Hamburg, New Jersey Revolutionary War Sites
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REVOLUTIONARY WAR SITES IN HAMBURG, NEW JERSEY

Hamburg New Jersey - Revolutionary War Sites
JOSEPH SHARP'S IRON WORKS MARKER
Joseph Sharp's Iron Works

Joseph Sharp's Iron Works
Gingerbread Castle Rd., off of Rte. 23
Map / Directions to Joseph Sharp's Iron Works

This historic marker on Gingerbread Castle Rd. marks the area on the Wallkill River where Joseph Sharp Senior erected the Sharp Iron Works forge and furnace  in 1768. In 1774, Sharp abandoned the property for financial reasons, and left this area to return to his original home of Salem County, where he died in 1776. 

At the time of the Revolutionary War, the iron works that Joseph Sharp Sr. had abandoned were utilized by a man named Stephen Ford, who lived nearby..  Ford had been born in England, and was a Tory (British sympathizer) during the war. Ford used the iron works to produce cannonballs for the British in secret, for which he is believed to have been well paid.

After the Revolutionary War, his son Joseph Sharp Senior's son, Joseph Sharp Junior, reclaimed the property. In 1808, Joseph Jr.  built a stone grist mill here, which would go on to provide flour for the American army in the War of 1812. [1]

Hamburg Historic Sites

Sources:

1. ^ Information for this entry was drawn from:
The historic sign at the site (erected by Sussex County New Jersey in 2003.)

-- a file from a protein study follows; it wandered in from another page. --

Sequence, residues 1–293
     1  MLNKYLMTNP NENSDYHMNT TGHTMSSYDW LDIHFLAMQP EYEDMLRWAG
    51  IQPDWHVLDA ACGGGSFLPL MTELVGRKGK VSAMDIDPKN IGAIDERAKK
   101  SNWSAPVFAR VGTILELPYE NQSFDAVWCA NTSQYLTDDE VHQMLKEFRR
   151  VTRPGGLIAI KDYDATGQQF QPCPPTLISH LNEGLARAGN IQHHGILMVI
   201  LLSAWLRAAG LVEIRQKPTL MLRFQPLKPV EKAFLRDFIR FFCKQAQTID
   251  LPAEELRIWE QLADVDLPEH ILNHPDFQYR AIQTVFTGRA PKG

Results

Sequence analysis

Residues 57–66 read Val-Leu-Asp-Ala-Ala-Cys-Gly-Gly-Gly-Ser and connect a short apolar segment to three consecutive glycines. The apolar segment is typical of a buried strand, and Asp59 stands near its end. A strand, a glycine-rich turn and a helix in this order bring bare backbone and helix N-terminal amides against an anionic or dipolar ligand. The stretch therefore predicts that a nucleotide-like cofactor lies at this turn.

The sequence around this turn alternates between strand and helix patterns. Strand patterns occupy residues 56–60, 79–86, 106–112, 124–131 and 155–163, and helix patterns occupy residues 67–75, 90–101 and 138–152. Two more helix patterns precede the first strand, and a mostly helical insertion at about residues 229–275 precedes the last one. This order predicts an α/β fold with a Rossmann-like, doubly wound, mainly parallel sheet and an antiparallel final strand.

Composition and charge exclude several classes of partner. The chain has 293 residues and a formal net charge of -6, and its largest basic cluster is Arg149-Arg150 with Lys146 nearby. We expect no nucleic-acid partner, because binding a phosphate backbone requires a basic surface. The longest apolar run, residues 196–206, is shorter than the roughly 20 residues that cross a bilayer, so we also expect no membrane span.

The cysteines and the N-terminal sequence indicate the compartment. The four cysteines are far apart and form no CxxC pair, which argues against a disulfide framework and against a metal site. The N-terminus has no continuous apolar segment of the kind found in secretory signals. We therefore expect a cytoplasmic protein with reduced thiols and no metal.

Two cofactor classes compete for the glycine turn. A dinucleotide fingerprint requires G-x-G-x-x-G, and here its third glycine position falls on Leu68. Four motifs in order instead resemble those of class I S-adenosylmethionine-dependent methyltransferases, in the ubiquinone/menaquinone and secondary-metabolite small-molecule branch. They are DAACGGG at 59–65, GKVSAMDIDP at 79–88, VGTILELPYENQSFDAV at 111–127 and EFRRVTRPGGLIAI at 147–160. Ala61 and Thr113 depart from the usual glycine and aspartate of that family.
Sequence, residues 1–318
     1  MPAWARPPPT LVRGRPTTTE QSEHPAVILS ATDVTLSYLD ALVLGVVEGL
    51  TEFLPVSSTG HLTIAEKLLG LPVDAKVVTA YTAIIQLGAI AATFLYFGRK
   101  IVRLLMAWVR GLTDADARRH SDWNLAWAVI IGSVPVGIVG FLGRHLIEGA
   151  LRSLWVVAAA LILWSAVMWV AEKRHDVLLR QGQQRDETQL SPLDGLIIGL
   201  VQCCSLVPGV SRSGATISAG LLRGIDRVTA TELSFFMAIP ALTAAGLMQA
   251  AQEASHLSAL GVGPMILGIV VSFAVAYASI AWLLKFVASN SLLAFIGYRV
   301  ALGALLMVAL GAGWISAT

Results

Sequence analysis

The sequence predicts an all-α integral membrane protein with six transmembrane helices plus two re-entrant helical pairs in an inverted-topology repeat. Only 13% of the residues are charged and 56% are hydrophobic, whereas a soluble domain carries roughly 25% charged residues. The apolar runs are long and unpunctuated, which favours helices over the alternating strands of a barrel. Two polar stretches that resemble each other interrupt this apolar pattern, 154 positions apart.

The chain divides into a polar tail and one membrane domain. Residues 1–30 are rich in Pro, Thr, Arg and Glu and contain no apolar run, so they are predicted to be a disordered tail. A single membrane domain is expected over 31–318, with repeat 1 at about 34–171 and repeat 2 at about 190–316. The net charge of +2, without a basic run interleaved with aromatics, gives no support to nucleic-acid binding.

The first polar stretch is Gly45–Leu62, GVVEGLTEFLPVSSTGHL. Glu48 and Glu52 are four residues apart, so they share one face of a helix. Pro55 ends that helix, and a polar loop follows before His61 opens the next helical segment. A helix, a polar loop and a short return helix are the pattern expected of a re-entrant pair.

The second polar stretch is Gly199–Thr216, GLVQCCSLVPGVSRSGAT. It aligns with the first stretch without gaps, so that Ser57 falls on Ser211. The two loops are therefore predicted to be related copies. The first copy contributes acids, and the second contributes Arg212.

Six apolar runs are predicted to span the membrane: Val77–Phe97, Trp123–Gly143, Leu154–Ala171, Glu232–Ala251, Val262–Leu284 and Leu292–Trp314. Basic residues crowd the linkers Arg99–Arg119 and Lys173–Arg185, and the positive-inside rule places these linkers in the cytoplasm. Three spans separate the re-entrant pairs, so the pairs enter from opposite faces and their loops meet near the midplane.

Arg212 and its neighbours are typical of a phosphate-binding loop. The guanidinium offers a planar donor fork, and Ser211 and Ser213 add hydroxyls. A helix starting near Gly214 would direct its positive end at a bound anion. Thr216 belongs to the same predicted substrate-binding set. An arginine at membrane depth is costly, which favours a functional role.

Alanson Austin Haines, Hardyston Memorial - A History of the Township and the North Presbyterian Church (Newton NJ, New Jersey Herald Print 1888) p.84     Available to be read at Google Books here
Haines' account includes details which I chose not to include in the entry above, because for some reason it sounds unreliable to me. Like many history books from the time, it doesn't list its own sources, and the account sounds a little too fanciful. (To me anyway).
For those interested, here is the text from Haines book that I am referring to:
" [Stephen Ford's] men often performed their work at night, and the children and females of the family carried food for the workmen from the house to the forge after dark. He received considerable sums of English gold which he secreted in small bags let down in the partition walls between the plastering. He had sheet iron shutters made at the forge for the windows of his house. This was reputed to be a place of retreat for the more open Tories and free booters when they were closely pursued. He seems to have been on good terms with his neighbors, even the patriotic ones, and kept quiet in the later years of the war, escaping arrest although under surveillance."
The Pennsylvania Magazine of History and Biogrpahy, Vol XX (Philidelphia: The Historical Society of Pennsylvania, 1896) p. 134
Available to be read at the Internet Archive here.

Revolutionary War New Jersey